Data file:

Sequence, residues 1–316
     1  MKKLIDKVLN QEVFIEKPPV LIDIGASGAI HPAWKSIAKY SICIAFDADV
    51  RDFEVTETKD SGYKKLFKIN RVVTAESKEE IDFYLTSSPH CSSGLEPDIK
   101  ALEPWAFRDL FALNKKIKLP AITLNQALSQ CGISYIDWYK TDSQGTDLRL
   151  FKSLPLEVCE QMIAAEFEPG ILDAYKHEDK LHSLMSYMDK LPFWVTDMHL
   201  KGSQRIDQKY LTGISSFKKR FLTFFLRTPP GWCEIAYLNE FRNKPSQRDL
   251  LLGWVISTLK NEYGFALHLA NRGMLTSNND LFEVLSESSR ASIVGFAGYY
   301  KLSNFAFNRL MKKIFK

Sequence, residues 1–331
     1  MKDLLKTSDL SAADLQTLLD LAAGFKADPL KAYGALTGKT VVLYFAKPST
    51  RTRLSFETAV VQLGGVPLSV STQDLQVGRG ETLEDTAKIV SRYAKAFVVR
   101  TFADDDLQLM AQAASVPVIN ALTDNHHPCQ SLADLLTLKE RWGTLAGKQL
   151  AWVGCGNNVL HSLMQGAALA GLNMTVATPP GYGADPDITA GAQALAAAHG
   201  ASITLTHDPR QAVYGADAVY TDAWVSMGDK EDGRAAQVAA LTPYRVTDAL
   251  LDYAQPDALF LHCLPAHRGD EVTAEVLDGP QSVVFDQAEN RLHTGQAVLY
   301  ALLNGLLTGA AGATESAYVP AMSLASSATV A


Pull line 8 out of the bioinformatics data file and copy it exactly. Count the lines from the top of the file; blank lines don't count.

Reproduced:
   301  KLSNFAFNRL MKKIFK